Subsequently, we reasoned that the differences in the kinetics and pattern of histone acetylation that were detected after treatment with Tat or TPA might be attributable to the differential binding of HATs to the LTR. Therefore, we investigated the kinetics of recruitment of CBP, P/CAF and hGCN5 after transcriptional activation by ChIP, in the same conditions used for the analysis of histone acetylation. As shown in Figure 8D, we found that as early as 1 h after treatment with TPA, an antibody against CBP could immunoprecipitate the crosslinked LTR region (enrichment > 8‐fold over control for both nuc‐0 and PPR), and that CBP recruitment continued at the same levels at 3 and 5 h. In contrast, enrichment for both GCN5 and P/CAF was less pronounced for both regions (∼2.5‐fold for both GCN5 and P/CAF for nuc‐0). After treatment with recombinant Tat, histone acetylation and transcriptional activation at 3 and 5 h were paralleled by a marked recruitment of both CBP and P/CAF to both nuc‐0 and PPR (Figure 8E). Also in this case, enrichment for GCN5 appeared to be less pronounced (∼2‐fold) and to occur at a later time point.
In this work we examined the chromatin modifications occurring at the integrated LTR promoter in response to transcriptional activation.
First, we demonstrated that a significant increase in histone acetylation occurs at the promoter in U1 cells upon activation with phorbol esters. This increase was detected even before viral mRNA levels started to rise significantly. However, the patterns and extent of histones H3 and H4 acetylation were not identical. Histone H3 acetylation seemed to be uniformly distributed in all the nucleosomes examined (nuc‐0, ‐1 and ‐2), with acetylation becoming detectable as early as 1 h after promoter induction, and being maintained at high intensity as long as mRNA levels were steady. By using antibodies against specific lysine residues, we could gain deeper insight into the complexity of the changes. Rapidly following TPA stimulation, nucleosomes showed an increase in histone H3 acetylation, with Lys14 being exclusively acetylated at nuc‐0, and Lys9 being acetylated preferentially at the downstream regions nuc‐1 and ‐2. Lysine 14 acetylation thus appeared to spread from nuc‐0 to the adjacent nucleosomal regions at 3 h after TPA stimulation, hence rendering both nuc‐1 and nuc‐2 acetylated on both H3 lysines, an event that has recently been associated with the specific recruitment of TAFII250 to the IFN‐β promoter (Agalioti et al., 2002).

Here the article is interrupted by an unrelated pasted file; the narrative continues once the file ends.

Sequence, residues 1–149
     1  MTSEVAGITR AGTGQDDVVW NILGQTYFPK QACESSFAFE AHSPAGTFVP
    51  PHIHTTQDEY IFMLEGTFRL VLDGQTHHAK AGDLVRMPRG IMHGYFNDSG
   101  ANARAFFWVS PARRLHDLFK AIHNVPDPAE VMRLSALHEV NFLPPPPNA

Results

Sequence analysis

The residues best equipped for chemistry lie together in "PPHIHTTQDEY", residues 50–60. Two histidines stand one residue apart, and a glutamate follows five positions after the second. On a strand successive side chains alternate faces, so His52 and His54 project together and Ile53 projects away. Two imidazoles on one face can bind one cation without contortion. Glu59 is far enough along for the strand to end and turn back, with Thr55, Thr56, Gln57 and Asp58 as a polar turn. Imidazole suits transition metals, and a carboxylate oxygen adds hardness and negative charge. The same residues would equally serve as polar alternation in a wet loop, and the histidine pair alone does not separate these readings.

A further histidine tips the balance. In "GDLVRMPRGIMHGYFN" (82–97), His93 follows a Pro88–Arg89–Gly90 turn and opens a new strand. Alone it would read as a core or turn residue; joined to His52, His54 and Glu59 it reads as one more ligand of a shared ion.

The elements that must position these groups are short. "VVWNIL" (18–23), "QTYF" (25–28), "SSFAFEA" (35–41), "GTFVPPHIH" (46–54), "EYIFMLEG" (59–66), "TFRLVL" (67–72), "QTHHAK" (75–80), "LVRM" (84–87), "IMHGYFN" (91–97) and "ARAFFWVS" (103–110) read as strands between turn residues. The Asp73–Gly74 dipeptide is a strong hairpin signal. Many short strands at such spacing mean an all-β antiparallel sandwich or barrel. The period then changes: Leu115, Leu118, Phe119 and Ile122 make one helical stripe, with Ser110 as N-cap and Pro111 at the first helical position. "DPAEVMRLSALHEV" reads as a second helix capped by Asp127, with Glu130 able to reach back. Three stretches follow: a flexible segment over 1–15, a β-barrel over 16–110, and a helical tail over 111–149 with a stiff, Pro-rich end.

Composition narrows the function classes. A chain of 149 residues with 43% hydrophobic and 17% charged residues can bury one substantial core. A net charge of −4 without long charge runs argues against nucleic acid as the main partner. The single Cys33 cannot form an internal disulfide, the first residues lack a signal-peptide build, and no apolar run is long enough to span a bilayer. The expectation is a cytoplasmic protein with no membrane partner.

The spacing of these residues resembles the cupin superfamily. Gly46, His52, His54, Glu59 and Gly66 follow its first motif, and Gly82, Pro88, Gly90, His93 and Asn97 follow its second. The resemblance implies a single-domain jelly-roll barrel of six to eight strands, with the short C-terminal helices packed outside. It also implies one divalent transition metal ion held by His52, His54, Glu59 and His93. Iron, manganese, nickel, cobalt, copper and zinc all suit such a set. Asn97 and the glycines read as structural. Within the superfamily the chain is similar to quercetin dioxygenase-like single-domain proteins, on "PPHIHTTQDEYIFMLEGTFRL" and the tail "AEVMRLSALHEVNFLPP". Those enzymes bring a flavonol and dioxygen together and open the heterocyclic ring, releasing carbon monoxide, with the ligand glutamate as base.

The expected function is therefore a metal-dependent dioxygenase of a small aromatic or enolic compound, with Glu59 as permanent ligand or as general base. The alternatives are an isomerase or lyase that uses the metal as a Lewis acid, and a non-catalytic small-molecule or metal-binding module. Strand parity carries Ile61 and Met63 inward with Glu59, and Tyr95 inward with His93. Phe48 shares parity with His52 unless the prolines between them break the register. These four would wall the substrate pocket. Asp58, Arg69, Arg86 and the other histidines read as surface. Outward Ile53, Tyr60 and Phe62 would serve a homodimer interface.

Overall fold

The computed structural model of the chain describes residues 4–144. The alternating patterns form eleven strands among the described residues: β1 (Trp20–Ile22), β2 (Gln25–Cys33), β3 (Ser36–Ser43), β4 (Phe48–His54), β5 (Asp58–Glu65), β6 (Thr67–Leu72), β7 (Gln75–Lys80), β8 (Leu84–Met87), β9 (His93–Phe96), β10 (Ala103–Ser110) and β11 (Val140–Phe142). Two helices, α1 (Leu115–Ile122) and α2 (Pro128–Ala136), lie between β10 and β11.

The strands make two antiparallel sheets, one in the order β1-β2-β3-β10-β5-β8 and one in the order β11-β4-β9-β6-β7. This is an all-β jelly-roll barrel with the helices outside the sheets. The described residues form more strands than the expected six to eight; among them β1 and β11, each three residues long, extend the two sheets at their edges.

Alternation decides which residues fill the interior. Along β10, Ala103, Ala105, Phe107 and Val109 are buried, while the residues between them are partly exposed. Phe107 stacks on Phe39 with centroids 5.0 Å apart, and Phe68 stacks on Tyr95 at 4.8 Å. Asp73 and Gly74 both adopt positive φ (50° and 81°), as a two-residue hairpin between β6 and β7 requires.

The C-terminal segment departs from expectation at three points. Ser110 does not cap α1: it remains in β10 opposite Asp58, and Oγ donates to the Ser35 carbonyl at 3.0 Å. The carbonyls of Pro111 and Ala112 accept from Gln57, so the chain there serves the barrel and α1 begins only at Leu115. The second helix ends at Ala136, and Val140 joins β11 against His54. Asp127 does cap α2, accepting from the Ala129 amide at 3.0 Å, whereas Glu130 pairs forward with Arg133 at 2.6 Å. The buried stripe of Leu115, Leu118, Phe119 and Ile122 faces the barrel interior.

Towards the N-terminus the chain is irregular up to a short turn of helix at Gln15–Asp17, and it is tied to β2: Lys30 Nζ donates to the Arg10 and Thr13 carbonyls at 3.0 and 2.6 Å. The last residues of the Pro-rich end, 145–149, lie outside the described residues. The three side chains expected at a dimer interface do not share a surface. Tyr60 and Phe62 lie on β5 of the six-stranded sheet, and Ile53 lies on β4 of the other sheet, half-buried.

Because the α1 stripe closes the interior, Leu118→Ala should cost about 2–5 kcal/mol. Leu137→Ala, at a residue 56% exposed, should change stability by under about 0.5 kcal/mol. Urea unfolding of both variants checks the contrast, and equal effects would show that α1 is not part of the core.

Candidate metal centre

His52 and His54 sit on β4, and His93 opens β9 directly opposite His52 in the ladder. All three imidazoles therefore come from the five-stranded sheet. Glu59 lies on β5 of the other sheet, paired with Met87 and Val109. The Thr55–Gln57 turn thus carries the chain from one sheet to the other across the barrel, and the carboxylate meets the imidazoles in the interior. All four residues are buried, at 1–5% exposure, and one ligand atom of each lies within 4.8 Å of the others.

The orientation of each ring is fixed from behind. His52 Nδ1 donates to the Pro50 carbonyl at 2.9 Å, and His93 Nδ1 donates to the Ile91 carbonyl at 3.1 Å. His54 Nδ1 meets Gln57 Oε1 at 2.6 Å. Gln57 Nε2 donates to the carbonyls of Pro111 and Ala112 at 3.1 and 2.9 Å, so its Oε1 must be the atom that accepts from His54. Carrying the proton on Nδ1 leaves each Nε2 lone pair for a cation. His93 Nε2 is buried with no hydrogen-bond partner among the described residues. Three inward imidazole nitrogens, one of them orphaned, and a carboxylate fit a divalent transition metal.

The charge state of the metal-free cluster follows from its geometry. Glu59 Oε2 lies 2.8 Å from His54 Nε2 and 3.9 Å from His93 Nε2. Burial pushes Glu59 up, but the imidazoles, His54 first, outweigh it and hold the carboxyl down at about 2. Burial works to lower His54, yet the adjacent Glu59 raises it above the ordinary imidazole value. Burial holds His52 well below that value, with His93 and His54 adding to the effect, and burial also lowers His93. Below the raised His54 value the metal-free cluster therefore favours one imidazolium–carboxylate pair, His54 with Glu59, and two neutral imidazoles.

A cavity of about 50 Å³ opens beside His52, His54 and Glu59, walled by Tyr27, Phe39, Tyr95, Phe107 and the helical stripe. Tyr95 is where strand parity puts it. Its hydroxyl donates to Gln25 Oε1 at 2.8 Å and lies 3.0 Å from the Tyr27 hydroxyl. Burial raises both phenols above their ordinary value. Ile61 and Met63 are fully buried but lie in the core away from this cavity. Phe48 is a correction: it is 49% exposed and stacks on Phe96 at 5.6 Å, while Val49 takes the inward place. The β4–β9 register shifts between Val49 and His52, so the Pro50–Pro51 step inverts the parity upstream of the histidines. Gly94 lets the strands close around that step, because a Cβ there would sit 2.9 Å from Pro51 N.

The high levels of Lys9 acetylation, observed at nuc‐1 and ‐2 at 5 h after stimulation, correlate with the spread distribution of GCN5 and P/CAF along the viral promoter. The maintenance of high levels of acetylation at a promoter was suggested to require the continuous presence of acetyltransferases at this location, otherwise the patterns of histone acetylation are rapidly restored to their basal levels (Katan‐Khaykovich and Struhl, 2002). Accordingly, we could detect that CBP bound to all promoter regions from the first hour of induction of U1 cells. However, we cannot exclude the possibility that the transcription complex intermittently cycles the viral promoter, as has been shown to be the case with the estrogen receptor transcription complex in the presence of continuous stimulation by estrogen (Shang et al., 2000).
Histone H4 proved to have a very complex pattern of acetylation, especially at nuc‐0. This nucleosome, which lies upstream of the transcription start site, showed exclusive acetylation at lysines 5 and 16 as early as 1 h after TPA stimulation. Lysine 8 at nuc‐0 was found to be acetylated even before stimulation of U1 cells, a finding consistent with the notion that low levels of transcription are always detectable in U1 cells (see below).
These differences in the H3 and H4 acetylation of the LTR nucleosomes might possibly account for the differences detected by enzymatic digestion of the LTR chromatin, which showed selective modification of nuc‐1 after transcriptional activation (Verdin et al., 1993; Van Lint et al., 1996). In this respect, it has recently been proposed that H4 acetylation is needed for the recruitment of a large protein complex that loosens DNA from histones locally, while H3 acetylation is required instead for the recruitment of a second complex that pushes the core of histones away while transcription proceeds (Agalioti et al., 2002). Histone acetylation is a prerequisite for the retention of the SWI/SNF chromatin remodeling complex at the promoter region (Hassan et al., 2002), thus further supporting the possibility that early and specific H4 changes in the nuc‐0 region are needed also for chromatin remodeling. In this respect, it is worth noting that acetylation of histone H4 Lys8 leads to the firm association of SWI/SNF through the bromodomain of its BRG1 component (Agalioti et al., 2002). The difference in the distribution patterns of H3 and H4 acetylation that we observed might reflect these possibilities, with H3 acetylation occurring at downstream locations along with the transcription complex. Further studies, however, need to be performed in order to decipher completely the HIV LTR histone code.